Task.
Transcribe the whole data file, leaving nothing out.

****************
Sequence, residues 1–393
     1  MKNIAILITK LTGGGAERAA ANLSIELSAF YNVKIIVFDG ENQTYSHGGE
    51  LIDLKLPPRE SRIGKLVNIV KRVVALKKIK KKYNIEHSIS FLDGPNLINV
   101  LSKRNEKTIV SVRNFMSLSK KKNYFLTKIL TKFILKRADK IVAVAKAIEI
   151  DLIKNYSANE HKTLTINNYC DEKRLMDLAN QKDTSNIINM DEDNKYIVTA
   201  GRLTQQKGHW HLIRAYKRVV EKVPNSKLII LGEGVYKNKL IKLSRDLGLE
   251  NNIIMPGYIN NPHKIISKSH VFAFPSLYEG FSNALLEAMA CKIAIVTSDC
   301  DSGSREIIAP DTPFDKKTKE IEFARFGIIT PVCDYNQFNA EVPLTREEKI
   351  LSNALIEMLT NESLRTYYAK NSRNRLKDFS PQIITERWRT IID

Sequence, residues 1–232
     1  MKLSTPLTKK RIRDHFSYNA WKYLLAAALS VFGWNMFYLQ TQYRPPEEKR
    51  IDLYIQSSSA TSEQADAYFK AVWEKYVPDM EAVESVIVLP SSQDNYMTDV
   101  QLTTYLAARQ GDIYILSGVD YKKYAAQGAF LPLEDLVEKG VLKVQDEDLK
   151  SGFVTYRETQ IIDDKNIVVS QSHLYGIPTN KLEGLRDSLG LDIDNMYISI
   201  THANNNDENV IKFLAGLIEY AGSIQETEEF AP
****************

Sequence, residues 1–393
     1  MKNIAILITK LTGGGAERAA ANLSIELSAF YNVKIIVFDG ENQTYSHGGE
    51  LIDLKLPPRE SRIGKLVNIV KRVVALKKIK KKYNIEHSIS FLDGPNLINV
   101  LSKRNEKTIV SVRNFMSLSK KKNYFLTKIL TKFILKRADK IVAVAKAIEI
   151  DLIKNYSANE HKTLTINNYC DEKRLMDLAN QKDTSNIINM DEDNKYIVTA
   201  GRLTQQKGHW HLIRAYKRVV EKVPNSKLII LGEGVYKNKL IKLSRDLGLE
   251  NNIIMPGYIN NPHKIISKSH VFAFPSLYEG FSNALLEAMA CKIAIVTSDC
   301  DSGSREIIAP DTPFDKKTKE IEFARFGIIT PVCDYNQFNA EVPLTREEKI
   351  LSNALIEMLT NESLRTYYAK NSRNRLKDFS PQIITERWRT IID

Sequence, residues 1–232
     1  MKLSTPLTKK RIRDHFSYNA WKYLLAAALS VFGWNMFYLQ TQYRPPEEKR
    51  IDLYIQSSSA TSEQADAYFK AVWEKYVPDM EAVESVIVLP SSQDNYMTDV
   101  QLTTYLAARQ GDIYILSGVD YKKYAAQGAF LPLEDLVEKG VLKVQDEDLK
   151  SGFVTYRETQ IIDDKNIVVS QSHLYGIPTN KLEGLRDSLG LDIDNMYISI
   201  THANNNDENV IKFLAGLIEY AGSIQETEEF AP